To preserve muscles:

  • Engage in Regular Exercise: Aim for at least 150 minutes of moderate-intensity exercise a week, and include resistance training to also help maintain muscles and strength.

  • Eat Enough Protein: Incorporate protein foods, like chicken, seafood, eggs, nuts, beans or dairy into your diet, and aim for about 25-30 grams of protein per meal.  Adults 65+ require higher amounts of protein than young adults, and some can need almost double the amount depending on their nutritional status or if they have an acute or chronic disease.9,10 To amp up protein intake further, add in protein snacks, like one before bed or supplement your diet if needed.

  • Follow a Nutritious Diet: Choose a balanced diet full of vegetables, fruits, whole grains, proteins, healthy fats and key vitamins and minerals like calcium and vitamin D.

  • Consider HMB: HMB is a naturally occurring compound that helps preserve and build muscle mass by hindering muscle breakdown. Along with exercise, HMB can also help improve muscle strength and function.11 While HMB is naturally found in foods such as avocados, grapefruit, and catfish, it’s hard to get enough from food sources alone.12 That’s why it can be beneficial to look for a nutritional supplement that includes HMB.

Making an effort to maintain or improve muscle mass can have extensive benefits on health. Many may immediately think of the role muscle can have on our strength and energy – especially as we age, but research points to its positive impact on the immune system, as well.


1. Torre-Villalvazo I, et al. Nutr Res. 2019;72:1-17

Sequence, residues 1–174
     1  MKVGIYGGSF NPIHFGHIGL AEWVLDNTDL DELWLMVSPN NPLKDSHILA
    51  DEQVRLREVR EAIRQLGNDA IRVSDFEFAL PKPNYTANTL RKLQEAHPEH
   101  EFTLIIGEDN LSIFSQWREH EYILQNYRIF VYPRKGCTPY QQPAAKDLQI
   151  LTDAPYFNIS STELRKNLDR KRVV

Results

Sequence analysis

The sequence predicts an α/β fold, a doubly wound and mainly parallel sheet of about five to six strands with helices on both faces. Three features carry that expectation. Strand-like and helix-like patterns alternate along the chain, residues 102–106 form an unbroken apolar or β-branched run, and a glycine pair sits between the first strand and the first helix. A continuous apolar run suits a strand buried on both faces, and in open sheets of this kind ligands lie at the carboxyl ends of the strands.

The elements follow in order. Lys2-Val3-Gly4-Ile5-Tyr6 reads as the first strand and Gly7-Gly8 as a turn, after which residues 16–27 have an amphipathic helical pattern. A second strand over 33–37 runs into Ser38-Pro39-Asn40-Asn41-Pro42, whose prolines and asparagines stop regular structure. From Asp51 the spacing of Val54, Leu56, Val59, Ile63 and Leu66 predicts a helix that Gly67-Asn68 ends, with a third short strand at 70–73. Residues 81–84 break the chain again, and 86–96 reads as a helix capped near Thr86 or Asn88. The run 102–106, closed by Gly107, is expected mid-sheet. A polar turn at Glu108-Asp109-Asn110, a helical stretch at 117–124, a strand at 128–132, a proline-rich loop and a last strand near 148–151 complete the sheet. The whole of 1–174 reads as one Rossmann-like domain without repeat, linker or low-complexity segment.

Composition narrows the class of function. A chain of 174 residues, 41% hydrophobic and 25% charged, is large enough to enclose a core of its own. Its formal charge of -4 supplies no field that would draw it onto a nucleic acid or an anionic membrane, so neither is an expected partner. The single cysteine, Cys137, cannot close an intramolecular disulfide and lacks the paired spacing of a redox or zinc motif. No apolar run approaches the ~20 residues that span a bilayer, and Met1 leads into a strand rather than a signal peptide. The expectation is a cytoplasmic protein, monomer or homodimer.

2. Nelke C, et al. EBioMedicine. 2019;49:381-8
3. Argiles JM, et al. J Am Med Dir Assoc. 2016;17:789-96
4. Prado, Carla M., et al. Annals of Medicine. 2018;50: 675-693.
5. Visser M, et al. J Gerontol A Biol Sci Med Sci. 2002;57:M326-32
6. Atkins JL, et al. J Nutr Health Aging. 2014;18:26-33.
7. Schaap LA, et al. J Gerontol A Biol Sci Med Sci. 2009;64:1183-9
8. Reeds PJ, et al. J Nutr. 1994;124:906-10
9. Deuz et al Clinical Nutrition 33 (2014) 929e936
10. Bauer, Jürgen, et al. JAMDA 14.8 (2013): 542-559.
11. Stout J et al. Exp. Gerontol. 2013;48;1303-1310
12. Zhang Z, et al. FASEB J. 1994;8:A464.

Top 5 Nutrition Tips for Women to Support Healthy Aging

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Aging is a natural process that every woman goes through. Although the passing decades are accompanied by bodily wear and tear, good nutrition and an active lifestyle can help women mitigate declines in muscle and joint health, bone density and skin integrity. Understanding how nutrition affects the changes you experience with aging can help you make informed choices about your health.

Muscle Recovery: A Key Component to Healthy Aging

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Sometimes it's not until later in life that a person starts to think about aging well. Healthy aging can mean many things, from keeping your memory intact to maintaining an active social life to staying in peak physical condition. One component of aging well is supporting your muscle health, particularly muscle recovery — your body's ability to repair muscle after exercise or while recovering from disuse (e.g., inactivity due to a sedentary lifestyle, illness or hospitalization).